The Covid pandemic and restrictions on community movement were a catalyst for many to connect with their local environment. Parks were overflowing, streetscapes activated, and many people in their local community forged new connections, often through the setting of green spaces such as parks and streets. This tangible connection to nature and the relief it provided created a big shift in thinking about the value of green and its positive social impact.

The positive benefits of access to green spaces are vast; positive participation in physical activity, improved cognitive function, reduced stress levels, higher productivity, and improved mental and physical health.

Greenness is a positive mitigator of disease. There is demonstrated evidence that links low levels of ‘greenness’ to disease progression, comorbidity, and poorer mental health outcomes. Lower levels of stress and anxiety are associated with having a stronger connection to nature, street trees can be linked to greater levels of wellbeing for property residents, and people living in areas with higher levels of tree canopy may be less likely to have some types of costly hospital admissions.

Our natural environment stores carbon and mitigates greenhouse gas emissions. Stopping land clearing, including in cities, is essential to mitigating climate change. Retention of trees within urban landscapes is essential.

Greening cities plays an enormous role in carbon sequestration, and Eucalyptus trees are excellent for offsetting carbon emissions. Urban forests in carparks also provide important shade, habitat, and amenity and prioritise the ‘park’ in carparks.

Through the design and implementation of greening strategies in a precinct or city, local heat reduction measures assist in the reduction of energy use and emissions of the built environment. By reducing the outside ambient temperature through green infrastructure, the energy demand of buildings and infrastructure within a precinct and city can be influenced, reducing the energy demand required for cooling within the building.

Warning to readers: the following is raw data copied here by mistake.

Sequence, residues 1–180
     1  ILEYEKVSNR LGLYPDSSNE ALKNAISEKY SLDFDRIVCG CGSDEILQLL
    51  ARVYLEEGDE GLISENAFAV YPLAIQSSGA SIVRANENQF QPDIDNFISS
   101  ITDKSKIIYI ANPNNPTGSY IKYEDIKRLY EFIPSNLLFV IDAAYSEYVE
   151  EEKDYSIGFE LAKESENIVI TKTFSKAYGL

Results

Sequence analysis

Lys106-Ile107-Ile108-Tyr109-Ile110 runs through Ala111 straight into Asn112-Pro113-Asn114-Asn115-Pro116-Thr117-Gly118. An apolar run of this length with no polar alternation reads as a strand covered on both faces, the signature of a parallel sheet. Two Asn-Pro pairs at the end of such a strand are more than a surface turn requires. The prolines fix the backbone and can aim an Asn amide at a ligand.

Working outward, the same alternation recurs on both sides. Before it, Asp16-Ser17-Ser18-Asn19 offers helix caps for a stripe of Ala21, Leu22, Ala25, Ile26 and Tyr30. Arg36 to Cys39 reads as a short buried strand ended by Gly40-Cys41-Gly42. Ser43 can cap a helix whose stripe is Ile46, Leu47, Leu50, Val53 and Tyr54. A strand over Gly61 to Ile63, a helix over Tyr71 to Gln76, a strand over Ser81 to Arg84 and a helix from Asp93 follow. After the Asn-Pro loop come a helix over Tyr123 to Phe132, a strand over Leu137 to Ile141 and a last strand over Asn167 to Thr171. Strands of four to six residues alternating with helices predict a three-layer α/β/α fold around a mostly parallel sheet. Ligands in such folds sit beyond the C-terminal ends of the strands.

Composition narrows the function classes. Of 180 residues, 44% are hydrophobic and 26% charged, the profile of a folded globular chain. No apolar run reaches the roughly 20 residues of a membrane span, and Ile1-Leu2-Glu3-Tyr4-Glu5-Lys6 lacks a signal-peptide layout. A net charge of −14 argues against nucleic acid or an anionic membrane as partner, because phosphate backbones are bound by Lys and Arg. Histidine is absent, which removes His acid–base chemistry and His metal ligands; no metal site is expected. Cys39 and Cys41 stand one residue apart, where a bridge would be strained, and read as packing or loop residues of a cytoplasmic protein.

In cooler climate zones, well designed green roofs and facades also provide important thermal insulation that can lead to lower energy and emissions in winter for heating. As we continue to model future scenarios with considerations of global temperature increases, city greening provides us with mitigation techniques to assist and support us at a local and city level.

Proximity to quality green spaces and incorporation of quality green infrastructure has been associated with increased property values and rental returns. This includes higher demand for urban areas, including apartment buildings, with quality green infrastructure that is well maintained and designed.

Valuation reports vary widely but the direct correlation between quality green investment and building sales and rental yield is compelling. Some research shows that the value of a green building is 2-4% higher than a building that does not incorporate green initiatives. For residential properties it is well established that tree canopy coverage can have a positive impact on property values, with some research has indicating that in Australia large street trees can increase median property value by nearly $17,000.